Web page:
Arizona’s explosive increase in coronavirus cases has prompted action from Gov. Doug Ducey, who has ordered bars, gyms, movie theaters and water parks to close for at least 30 days beginning Monday night. Hotel, motel and municipal pools are also shutting down. And the Republican governor said public schools won’t be able to open any earlier than Aug. 17, thwarting plans by many districts to start the school year in late July or early August.

Arizona health officials reported 3,858 more confirmed coronavirus cases Sunday, the most reported in a single day in the state so far and the seventh time in the last 10 days that daily cases surpassed the 3,000 mark. Since the pandemic began, 74,500 cases and 1,588 deaths stemming from the virus have been reported in Arizona.

Ducey’s statewide stay-at-home order had expired in mid-May, allowing bars and other businesses to reopen, with conditions.

Cirque du Soleil files for bankruptcy protection, hopes shows will go on

Cirque du Soleil, another business victim of the pandemic, announced Monday it is filing for bankruptcy protection to “restructure its capital structure.” Its application will be heard by the Superior Court of Quebec on Tuesday before filing for Chapter 15 bankruptcy protection in the U.S. Cirque du Soleil is an institution on the Las Vegas Strip, with its mesmerizing shows high on visitors’ vacation agendas. The company had six shows operating in major Las Vegas casino hotels when the coronavirus crushed travel and closed casinos for nearly three months.

“Our priority has always been, and remains, the health and safety of our artists, our partners, our employees and our audiences,” the troupe said in a statement. “We will continue to monitor and assess the situation to determine when shows will resume.”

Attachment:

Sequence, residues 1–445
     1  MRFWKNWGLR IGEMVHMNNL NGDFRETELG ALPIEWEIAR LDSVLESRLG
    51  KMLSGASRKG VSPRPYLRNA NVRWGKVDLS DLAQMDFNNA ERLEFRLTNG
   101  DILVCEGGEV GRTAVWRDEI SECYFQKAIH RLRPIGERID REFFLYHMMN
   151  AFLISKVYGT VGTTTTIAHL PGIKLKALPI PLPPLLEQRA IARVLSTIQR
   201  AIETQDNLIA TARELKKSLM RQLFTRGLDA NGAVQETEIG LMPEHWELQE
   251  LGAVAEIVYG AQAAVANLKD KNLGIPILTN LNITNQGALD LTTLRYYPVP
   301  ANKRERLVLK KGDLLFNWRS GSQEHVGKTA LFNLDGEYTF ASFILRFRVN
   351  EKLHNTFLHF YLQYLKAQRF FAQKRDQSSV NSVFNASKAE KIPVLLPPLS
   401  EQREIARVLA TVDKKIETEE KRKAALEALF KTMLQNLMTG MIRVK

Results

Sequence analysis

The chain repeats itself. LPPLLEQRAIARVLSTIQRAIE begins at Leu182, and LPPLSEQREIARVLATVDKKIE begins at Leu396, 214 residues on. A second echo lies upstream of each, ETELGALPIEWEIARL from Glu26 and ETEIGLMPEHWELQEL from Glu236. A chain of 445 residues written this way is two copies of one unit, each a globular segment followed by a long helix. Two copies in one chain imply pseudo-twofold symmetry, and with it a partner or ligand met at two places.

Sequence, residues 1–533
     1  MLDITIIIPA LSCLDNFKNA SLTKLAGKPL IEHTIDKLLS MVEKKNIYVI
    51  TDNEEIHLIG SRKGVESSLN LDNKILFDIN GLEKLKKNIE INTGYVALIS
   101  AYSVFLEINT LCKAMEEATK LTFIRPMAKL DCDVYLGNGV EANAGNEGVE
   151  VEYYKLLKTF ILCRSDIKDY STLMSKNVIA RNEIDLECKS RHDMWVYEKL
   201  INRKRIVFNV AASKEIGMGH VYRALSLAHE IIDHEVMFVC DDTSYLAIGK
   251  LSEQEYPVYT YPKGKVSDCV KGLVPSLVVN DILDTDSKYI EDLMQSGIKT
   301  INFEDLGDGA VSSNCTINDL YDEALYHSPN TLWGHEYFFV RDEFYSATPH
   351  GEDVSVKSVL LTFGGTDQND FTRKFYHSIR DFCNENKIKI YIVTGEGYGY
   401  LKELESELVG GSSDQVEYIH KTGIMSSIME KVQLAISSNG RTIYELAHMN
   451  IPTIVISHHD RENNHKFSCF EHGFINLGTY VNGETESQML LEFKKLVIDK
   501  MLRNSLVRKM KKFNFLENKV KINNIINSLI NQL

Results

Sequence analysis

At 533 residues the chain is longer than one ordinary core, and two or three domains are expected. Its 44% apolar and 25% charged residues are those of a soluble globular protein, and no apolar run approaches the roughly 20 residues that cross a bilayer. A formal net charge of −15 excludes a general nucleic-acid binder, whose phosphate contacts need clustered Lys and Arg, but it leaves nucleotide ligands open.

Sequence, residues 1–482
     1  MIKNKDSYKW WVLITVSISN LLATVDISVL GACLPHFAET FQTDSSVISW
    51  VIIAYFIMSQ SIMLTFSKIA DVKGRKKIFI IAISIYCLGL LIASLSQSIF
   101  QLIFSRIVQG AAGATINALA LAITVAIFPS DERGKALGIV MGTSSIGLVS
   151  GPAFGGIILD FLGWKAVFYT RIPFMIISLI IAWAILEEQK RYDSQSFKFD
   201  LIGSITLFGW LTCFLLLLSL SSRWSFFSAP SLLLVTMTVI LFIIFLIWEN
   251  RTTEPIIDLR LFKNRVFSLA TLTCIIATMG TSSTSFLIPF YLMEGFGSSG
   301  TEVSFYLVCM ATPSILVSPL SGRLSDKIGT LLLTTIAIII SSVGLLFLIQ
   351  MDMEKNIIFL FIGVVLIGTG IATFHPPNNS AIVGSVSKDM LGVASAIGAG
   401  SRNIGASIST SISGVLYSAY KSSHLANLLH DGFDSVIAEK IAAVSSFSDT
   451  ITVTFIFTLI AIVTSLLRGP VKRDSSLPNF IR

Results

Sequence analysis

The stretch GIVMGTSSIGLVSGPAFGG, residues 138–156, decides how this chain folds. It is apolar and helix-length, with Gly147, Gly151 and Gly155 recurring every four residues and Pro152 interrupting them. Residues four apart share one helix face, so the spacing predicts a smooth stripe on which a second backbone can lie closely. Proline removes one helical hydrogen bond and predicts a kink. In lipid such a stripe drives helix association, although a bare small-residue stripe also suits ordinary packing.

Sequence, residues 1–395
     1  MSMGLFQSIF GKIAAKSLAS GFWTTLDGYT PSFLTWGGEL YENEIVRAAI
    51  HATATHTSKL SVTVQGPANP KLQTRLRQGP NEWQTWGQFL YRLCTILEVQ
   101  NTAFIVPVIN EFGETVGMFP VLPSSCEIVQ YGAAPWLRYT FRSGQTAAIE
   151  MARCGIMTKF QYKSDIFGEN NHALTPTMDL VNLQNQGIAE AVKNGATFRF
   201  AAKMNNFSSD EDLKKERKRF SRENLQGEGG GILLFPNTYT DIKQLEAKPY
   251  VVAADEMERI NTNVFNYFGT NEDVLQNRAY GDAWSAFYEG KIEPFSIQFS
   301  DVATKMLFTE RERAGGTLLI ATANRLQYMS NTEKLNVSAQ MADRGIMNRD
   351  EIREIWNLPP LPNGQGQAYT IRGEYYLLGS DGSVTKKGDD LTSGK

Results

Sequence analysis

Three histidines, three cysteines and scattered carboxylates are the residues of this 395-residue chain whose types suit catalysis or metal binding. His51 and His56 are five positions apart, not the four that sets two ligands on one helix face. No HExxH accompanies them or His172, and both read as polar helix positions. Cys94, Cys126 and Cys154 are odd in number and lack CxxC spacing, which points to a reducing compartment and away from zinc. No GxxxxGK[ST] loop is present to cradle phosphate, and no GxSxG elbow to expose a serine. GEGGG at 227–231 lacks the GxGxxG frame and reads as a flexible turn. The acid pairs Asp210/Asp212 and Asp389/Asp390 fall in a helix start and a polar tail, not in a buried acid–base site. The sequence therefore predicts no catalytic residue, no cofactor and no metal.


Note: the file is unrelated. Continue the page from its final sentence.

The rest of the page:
David Oliver and Dawn Gilbertson

Broadway stages to remain dark through 2020

The Broadway League announced Monday that performances in New York City will be suspended through the remainder of 2020 because of COVID-19. Broadway theaters are offering refunds and exchanges for tickets purchased for all performances through Jan. 3, 2021. Tickets for next winter and spring performances are expected to go on sale in the coming weeks after stages abruptly went dark March 12. 

“The Broadway League continues to work with city and state officials …  to formulate the best plan to restart the industry,” the league said in a statement, adding that screening and testing, cleaning and sanitizing are among protocols being considered for when the iconic theater district reopens.

– Sara M. Moniuszko

NASA necklace could keep you from touching your face

NASA has developed a necklace dubbed PULSE designed to alert users when they’re about to touch their face. The round pendant is worn around the neck, and when you raise your hands toward your head, it will vibrate, reminding you to stop. NASA isn’t selling the contraption, but the agency’s Jet Propulsion Laboratory has made building instructions available online. To create one, you’ll need a 3D printer, wire, a motor and other small materials. Health officials warn that touching your face can help fuel the spread of the coronavirus.

“We hope individuals or companies will replicate, refine or enhance PULSE and make it easily available for distribution,” NASA said. 

– Dalvin Brown

California, 7 other states could join New York’s quarantine order

Travelers from eight additional states – including California – could soon be added to New York, New Jersey and Connecticut’s mandatory quarantine order, which would push the total to 16 states representing nearly half the country’s population. New York Gov. Andrew Cuomo’s office is analyzing each state’s COVID-19 data to determine which states will join the original eight subject to the order, which requires travelers from places with high infection rates to isolate for 14 days upon arrival. California, Georgia, Iowa, Idaho, Louisiana, Mississippi,  Nevada and Tennessee could be joining the original list: Alabama, Arkansas, Arizona, Florida, North Carolina, South Carolina, Texas and Utah. 

– Joseph Spector

Fauci: Vaccine could be ready soon, but might not be enough to halt pandemic

Dr. Anthony Fauci said he remains hopeful that a vaccine will be available as soon as November but warned that it might only be 70% effective. He added that, because a significant segment of the population won’t want the vaccine, it’s not likely the pandemic will be eradicated completely. Fauci blamed a “general anti-science, anti-authority, anti-vaccine feeling among … an alarmingly large percentage of people.”